Fournette ‘further advanced’ than Bo, Herschel? One guy thinks so
NEW ORLEANS — Leonard Fournette has always had a buzz around him.
Growing up, "high school crowds" would come to watch him play parkball in New Orleans’ Goretti Playground.
A petition was created to ban 13-year-old Fournette from playing because he was so much bigger than the other youth football players.
And now, the country is watching the 20-year-old, 6-foot-1, 230-pound Fournette attempt to bring a second Heisman Trophy to LSU.
Needless to say, pressure is nothing new for the running back. Just ask his high school coach.
"He’s definitely one of those people that would fit into the category of being able to understand where he’s going, what he needs to do to accomplish his goals," Cyril Crutchfield told FOX Sports. "And he goes about it on a daily basis."
Fournette wrapped up his high school career with 88 rushing touchdowns and 7,619 rushing yards. He became the first player to win Louisiana Gatorade Player of the Year award twice and was named the No. 1 running back by all the major recruiting websites.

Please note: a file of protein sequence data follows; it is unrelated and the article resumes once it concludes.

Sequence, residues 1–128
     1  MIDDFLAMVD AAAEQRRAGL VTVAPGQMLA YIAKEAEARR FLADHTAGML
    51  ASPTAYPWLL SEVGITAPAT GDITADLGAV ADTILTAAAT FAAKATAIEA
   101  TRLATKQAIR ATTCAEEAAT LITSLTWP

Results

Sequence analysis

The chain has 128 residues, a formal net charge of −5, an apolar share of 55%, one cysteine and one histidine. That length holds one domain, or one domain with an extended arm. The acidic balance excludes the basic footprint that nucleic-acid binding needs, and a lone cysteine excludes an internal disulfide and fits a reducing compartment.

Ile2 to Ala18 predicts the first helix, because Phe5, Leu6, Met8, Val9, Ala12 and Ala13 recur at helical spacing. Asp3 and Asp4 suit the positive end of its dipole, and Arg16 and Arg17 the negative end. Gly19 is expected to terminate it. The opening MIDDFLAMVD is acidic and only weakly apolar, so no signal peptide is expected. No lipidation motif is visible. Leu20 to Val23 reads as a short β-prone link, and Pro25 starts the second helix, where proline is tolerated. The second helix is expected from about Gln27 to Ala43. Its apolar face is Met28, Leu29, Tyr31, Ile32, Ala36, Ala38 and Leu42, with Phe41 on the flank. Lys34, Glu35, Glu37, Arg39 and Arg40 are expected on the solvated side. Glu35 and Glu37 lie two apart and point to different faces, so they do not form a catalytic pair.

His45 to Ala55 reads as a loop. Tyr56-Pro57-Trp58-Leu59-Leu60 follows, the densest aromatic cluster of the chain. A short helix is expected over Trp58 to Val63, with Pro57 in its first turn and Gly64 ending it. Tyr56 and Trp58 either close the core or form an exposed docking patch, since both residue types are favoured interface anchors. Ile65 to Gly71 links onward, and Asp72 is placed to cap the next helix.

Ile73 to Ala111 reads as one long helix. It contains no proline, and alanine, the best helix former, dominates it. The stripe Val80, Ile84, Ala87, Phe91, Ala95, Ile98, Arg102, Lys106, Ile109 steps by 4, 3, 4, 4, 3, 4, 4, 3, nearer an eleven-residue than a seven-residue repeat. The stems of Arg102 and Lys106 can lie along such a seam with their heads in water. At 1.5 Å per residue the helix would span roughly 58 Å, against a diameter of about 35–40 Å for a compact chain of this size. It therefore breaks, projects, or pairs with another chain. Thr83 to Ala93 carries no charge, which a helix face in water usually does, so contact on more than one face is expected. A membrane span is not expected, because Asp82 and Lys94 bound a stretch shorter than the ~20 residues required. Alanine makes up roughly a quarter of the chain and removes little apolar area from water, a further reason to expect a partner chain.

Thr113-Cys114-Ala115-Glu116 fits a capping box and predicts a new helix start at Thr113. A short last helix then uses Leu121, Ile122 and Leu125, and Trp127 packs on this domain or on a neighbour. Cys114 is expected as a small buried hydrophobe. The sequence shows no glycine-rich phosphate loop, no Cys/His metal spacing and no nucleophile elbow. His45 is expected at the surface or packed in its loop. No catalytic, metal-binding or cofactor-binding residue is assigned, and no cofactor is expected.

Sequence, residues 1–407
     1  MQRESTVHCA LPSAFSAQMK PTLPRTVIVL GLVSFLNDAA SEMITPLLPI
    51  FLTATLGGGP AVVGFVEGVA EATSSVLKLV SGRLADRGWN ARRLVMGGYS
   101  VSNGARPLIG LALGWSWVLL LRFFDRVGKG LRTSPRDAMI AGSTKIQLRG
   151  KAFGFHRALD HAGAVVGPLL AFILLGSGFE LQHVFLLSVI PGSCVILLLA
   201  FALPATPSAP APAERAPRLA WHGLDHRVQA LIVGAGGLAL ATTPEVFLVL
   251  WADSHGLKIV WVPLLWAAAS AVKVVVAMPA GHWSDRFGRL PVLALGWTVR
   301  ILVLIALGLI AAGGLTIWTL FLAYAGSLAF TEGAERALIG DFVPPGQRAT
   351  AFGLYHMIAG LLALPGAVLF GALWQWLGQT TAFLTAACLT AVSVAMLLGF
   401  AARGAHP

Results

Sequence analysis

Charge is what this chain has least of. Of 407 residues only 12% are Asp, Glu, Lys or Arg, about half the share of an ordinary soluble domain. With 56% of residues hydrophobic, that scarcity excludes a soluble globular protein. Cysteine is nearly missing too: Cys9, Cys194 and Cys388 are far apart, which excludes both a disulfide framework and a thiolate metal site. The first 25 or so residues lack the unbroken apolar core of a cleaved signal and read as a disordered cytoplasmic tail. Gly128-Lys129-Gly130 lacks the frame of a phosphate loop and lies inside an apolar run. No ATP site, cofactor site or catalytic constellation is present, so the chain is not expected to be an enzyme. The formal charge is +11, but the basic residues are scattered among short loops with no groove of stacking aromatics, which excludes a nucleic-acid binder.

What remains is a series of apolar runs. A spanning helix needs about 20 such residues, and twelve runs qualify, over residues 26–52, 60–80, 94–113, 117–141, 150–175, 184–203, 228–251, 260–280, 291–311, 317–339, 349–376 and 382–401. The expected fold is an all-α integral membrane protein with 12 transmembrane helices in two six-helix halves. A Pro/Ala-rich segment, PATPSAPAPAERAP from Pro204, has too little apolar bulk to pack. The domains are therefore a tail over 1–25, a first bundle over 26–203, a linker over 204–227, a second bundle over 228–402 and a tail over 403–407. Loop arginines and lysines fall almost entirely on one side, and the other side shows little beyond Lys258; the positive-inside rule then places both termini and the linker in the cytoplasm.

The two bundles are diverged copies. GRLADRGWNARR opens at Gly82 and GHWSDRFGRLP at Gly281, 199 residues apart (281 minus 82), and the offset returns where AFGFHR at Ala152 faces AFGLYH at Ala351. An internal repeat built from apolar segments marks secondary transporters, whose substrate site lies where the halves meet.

Crutchfield coached Fournette at St. Augustine High School during his junior and senior seasons. When Crutchfield took over the program, Fournette was already one of the top prospects in the country, but could they imagine he’d be chasing a Heisman?
"Well, actually he wrote down some goals that he shared with me that I have on a piece of paper," he said. "I’m not going to elaborate on it, but (there are) definitely some things I think he will obtain this year. More than one."
A Heisman Trophy may just be the beginning of what’s to come.
"They’re comparing him to Herschel (Walker), Bo (Jackson) and all those other young men. I think he’s much more further advanced."
"They’re comparing him to Herschel (Walker), Bo (Jackson) and all those other young men," Crutchfield said. "I think he’s much more further advanced."
"You talk about different eras, and you talk about how these guys were so great. They don’t like to compare current generations to those past generations. I beg to differ. … Everybody is bigger, stronger, faster. He’s going against better competition now."
Fournette appears to be the front-runner for this year’s Heisman. Heck, Las Vegas has him favored. Last weekend against South Carolina, he became the fastest player in SEC and LSU history to reach 1,000 rushing yards in a season after gaining a season-low 158 yards in less than three quarters played. Saturday put his season total at 1,022 yards in five games.
"There’s a reason why he plays like he plays — because he practices like he plays." Crutchfield said. "I tell everyone, in high school he was a man amongst boys and in college he’s a man amongst boys."